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I am a developer working on my first UI. My application requires the user to log into multiple accounts (this is a trading application). The user needs to enter their username/password for each account and connect to their respective API's.

Obviously they can save their username/password so they don't need to enter it every time they start the application. In this situation my app could also automatically log in based on the saved credentials.

My thoughts on this are: although this would make things 'easy', i.e the user doesn't need to do anything to connect to the API, personally I would like to manually click the 'Connect' button and see my connected icon flash up green. This would make me feel pretty good, it would give me a purpose as a user. The positive reaction from a simple action I took would please me and make me feel smart.

I suppose a real world example, for me at least, would be a car that turns on automatically once I sit down and close the door. I don't want that. I have a close relationship with my car. It makes me feel like I am in full control and connected to the car when I turn the key or press the start button.

Does this concept exist in UX. If so what is it called?

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2 Answers 2

up vote 12 down vote accepted

Well, since you're new to UX, you should probably learn one thing first and that is that

IT DEPENDS

:)

If it's something I'm going to use a lot and you can automate it for me: yes please. I might feel smart the first time I set up a wi-fi connection, and it might make me feel in control of what my computer does for me, but it's going to be a major pain in the ass the tenth time.

Also, with the car, while I think you make a good point again it depends. For a certain audience the automation you describe makes them feel good about owning and driving that car. Pride of ownership. For another audience having the active engagement with the machine and really partaking in the driving experience that a stick shift brings is what it's all about. So, yeah, sometimes making something super easy takes away from the user experience.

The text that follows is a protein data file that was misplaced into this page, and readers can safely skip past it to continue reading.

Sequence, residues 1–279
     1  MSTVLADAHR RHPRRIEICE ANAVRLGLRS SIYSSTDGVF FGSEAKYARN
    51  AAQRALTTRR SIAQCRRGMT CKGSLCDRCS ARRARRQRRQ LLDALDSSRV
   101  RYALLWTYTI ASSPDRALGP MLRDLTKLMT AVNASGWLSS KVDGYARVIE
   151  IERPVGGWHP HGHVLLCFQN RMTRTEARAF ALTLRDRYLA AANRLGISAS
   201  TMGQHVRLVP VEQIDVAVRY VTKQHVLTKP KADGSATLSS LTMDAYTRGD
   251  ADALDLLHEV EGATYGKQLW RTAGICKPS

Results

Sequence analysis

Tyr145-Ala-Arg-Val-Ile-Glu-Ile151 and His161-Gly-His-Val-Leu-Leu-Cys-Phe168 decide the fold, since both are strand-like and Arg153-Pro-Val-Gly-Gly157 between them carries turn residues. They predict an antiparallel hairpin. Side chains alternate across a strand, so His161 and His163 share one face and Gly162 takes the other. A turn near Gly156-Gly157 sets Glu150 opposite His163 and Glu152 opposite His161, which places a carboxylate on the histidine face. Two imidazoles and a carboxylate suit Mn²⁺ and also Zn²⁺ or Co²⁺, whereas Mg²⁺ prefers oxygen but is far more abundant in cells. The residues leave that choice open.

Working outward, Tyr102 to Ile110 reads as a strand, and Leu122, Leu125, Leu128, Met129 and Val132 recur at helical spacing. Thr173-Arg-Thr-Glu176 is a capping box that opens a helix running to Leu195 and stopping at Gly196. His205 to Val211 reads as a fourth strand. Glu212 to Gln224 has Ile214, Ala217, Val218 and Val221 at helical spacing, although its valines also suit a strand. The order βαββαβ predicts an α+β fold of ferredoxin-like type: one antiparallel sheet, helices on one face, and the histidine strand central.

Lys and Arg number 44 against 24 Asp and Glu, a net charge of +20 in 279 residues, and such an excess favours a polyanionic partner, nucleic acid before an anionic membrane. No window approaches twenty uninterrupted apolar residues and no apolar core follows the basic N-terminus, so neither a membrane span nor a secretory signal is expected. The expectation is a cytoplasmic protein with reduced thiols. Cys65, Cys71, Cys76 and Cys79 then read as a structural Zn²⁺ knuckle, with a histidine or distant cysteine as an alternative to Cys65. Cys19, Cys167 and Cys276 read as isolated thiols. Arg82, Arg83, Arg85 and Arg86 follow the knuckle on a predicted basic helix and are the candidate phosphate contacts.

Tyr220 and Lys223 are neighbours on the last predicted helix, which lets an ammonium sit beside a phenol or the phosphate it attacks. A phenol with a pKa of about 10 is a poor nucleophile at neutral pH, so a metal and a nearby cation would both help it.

So, you might be right, but you've got to be sure you're right. Therefore either:

  • know your user and what they would like

or

  • design for yourself

Note that the last method only works if you're actually a big user of your own product. You can't design for yourself if you're only going to use the product while testing. You need to be the most active and engaged user of the product to be able to design something that will work for others as well.

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I do UX for an investment firm and work on trading and other financial apps. I understand the scenario you are in.

I'll address this specific issue and hopefully I can offer some insight into the deeper concept you are working at.

What you are looking for is a SSO (Single Sign On) solution.

http://en.wikipedia.org/wiki/Single_sign-on

So important, it has it's own acronym. It's a critical component of the financial industry from a security and usability perspective. Consider the trader as user. They need to execute a trade NOW for 30....300... 3000 accounts. Not in 3 minutes, not in 30 seconds...now. They will not use your app if they have to log into more than one system. It won't solve their business need. It won't be too easy, it will be too hard to use.

SSO is not an interface solution but a complex IT procedure involving all aspects of IT. And entirely necessary, Not "too easy"... more like impossible to live without.

Is there too easy?

UX design strives to maximize the ability of people to achieve their goals when using software.

"Maximized ability" is not the same as "too easy". Too easy is when you have over-designed the software (in the spirit of maximization) and it ends up making decisions for people, applying wrong assumptions and otherwise getting in the way of users achieving their goals. Your car example is a valid example of this; single sign on is not. In fact, that is an example of "the best interface being none at all".

That being said, look carefully into that. With a trading app there are legal, privacy, security and a host of other issues involved. I suspect a lot of back end integration as well.

Welcome to the forum.

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